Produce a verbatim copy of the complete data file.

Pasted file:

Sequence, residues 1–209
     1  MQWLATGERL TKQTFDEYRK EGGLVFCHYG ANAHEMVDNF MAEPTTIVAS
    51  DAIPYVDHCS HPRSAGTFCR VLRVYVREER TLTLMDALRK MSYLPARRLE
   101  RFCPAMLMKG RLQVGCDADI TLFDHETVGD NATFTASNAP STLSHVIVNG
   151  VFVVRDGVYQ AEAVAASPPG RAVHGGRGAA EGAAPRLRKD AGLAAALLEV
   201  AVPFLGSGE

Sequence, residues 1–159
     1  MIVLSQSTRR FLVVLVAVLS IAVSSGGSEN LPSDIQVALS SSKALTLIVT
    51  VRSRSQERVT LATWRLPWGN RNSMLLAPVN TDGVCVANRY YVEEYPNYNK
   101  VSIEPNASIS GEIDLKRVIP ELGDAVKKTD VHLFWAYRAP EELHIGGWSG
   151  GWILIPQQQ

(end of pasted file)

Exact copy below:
Sequence, residues 1–209
     1  MQWLATGERL TKQTFDEYRK EGGLVFCHYG ANAHEMVDNF MAEPTTIVAS
    51  DAIPYVDHCS HPRSAGTFCR VLRVYVREER TLTLMDALRK MSYLPARRLE
   101  RFCPAMLMKG RLQVGCDADI TLFDHETVGD NATFTASNAP STLSHVIVNG
   151  VFVVRDGVYQ AEAVAASPPG RAVHGGRGAA EGAAPRLRKD AGLAAALLEV
   201  AVPFLGSGE

Sequence, residues 1–159
     1  MIVLSQSTRR FLVVLVAVLS IAVSSGGSEN LPSDIQVALS SSKALTLIVT
    51  VRSRSQERVT LATWRLPWGN RNSMLLAPVN TDGVCVANRY YVEEYPNYNK
   101  VSIEPNASIS GEIDLKRVIP ELGDAVKKTD VHLFWAYRAP EELHIGGWSG
   151  GWILIPQQQ